Several municipalities in KwaZulu-Natal are finding themselves in the firing line—as government now looks at taking severe steps against nonperforming municipalities.
This follows the Portfolio Committee on Cooperative Governance and Traditional Affairs (Cogta), urging the KwaZulu-Natal (KZN) provincial government to be unafraid of dissolving municipalities which are not improving—even if they are under administration according to Section 139 (1)(b) of the Constitution.
The committee expressed this view in a meeting with the KZN MEC for Cooperative Governance and Traditional Affairs, Sipho Hlomuka, during an oversight visit to assess the state of the municipalities in the province.
Chairperson of the committee, Faith Muthambi stated, “If we are serious about good governance, we should be able to take difficult decisions. We can’t be bogged down by being afraid to take difficult decisions; even though the prevailing conditions of those municipalities are clearly affecting service delivery and negatively impacting the lives of the people. Why are we afraid to implement 139 (1)(c)?”
In a statement released on 7 October 2020, it was said the committee heard that despite the interventions, six of the nine municipalities under administration received negative audit opinions for the 2018/19 financial year.
Looking at these municipalities, Inkosi Langalibalele Local Municipality received an adverse audit opinion. Umzinyathi District (Dundee area) and Mpofana Local municipalities received disclaimer audit opinions.
Richmond, Uthukela (Ladysmith area), Msunduzi and Mtubatuba local municipalities received qualified audit opinions.
The provincial government acknowledged that some municipalities are facing challenges which may suggest they should be dissolved. However, it is essential to highlight that due to political instability in those municipalities, dissolving them would be virtually impossible.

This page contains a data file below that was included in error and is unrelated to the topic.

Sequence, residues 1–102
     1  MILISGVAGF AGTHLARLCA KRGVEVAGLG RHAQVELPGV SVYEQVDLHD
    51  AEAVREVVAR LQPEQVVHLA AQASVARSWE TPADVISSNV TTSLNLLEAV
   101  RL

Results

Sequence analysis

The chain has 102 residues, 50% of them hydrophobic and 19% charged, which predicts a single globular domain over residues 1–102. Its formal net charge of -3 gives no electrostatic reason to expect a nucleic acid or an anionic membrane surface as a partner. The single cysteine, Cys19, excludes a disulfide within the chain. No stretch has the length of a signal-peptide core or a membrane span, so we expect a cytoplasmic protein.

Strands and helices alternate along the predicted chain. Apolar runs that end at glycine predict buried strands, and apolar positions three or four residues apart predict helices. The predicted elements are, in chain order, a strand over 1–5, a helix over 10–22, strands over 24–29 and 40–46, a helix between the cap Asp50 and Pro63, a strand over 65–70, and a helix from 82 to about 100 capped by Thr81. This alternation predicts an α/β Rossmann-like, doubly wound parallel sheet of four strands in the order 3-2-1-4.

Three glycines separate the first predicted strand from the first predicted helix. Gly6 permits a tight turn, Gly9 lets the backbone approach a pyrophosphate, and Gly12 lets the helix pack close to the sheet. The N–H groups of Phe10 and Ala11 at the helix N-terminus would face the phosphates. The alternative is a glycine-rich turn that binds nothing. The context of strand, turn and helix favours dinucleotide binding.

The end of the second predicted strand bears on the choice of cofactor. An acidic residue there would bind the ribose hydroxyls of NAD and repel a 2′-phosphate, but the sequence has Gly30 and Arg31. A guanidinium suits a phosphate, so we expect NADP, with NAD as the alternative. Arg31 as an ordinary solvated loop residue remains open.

Hlomuka elaborates, “In some cases, even when we dissolve, the same councillors are re-elected, perpetuating the same challenges experienced before. Also, if litigated against, the province must provide proof that enough support was given to a specific municipality.”
The committee also raised concerns about four municipalities under administration, all of which are still in debt to Eskom, which negatively impacts on Eskom’s ability to function.
The four are: Abaqulusi (Vryheid) Local Municipality, owing R11 million; Mpofana Local Municipality owes R197 million; Inkosi Langalibalele Local Municipality owes R15 million, and Msuduzi Local Municipality owes R108 million.
Furthermore, the committee was also apparently alarmed to hear only three of the nine Municipal Public Accounts Committees (MPACs) are functional in the municipalities under administration, according to Section 139.
The committee learned that MPACs are either partially functional or dysfunctional in the other six municipalities under administration—Muthambi emphasises, “This negatively impacts the ability of the municipality to investigate occurrences of unauthorised, fruitless and wasteful expenditure, and undermines governance of the municipality and its ability to undertake effective consequence management against those in the wrong.”
Despite these challenges, the committee welcomed the cooperation between KZN’s Treasury and Cooperative and Traditional Affairs’ Departments in supporting the municipalities according to Section 154 of the Constitution.
The committee explained that the provincial government must strengthen Operation Sukuma Sakhe, which is intended to ensure a coordinated approach to challenges in the province. Furthermore, the committee called for the improvement of service delivery and for effective management of the municipal’s financial resources, to ensure the municipalities meet their constitutional obligations.
What are your thoughts on the matter? Do you feel the Portfolio Committee on Cogta is justified in wanting these municipalities dissolved? Or do you feel dissolving them will cause further issues in the long run?
Share your views with us in the comment section below.
Author: Quinton Boucher
Edited: Calvin Swemmer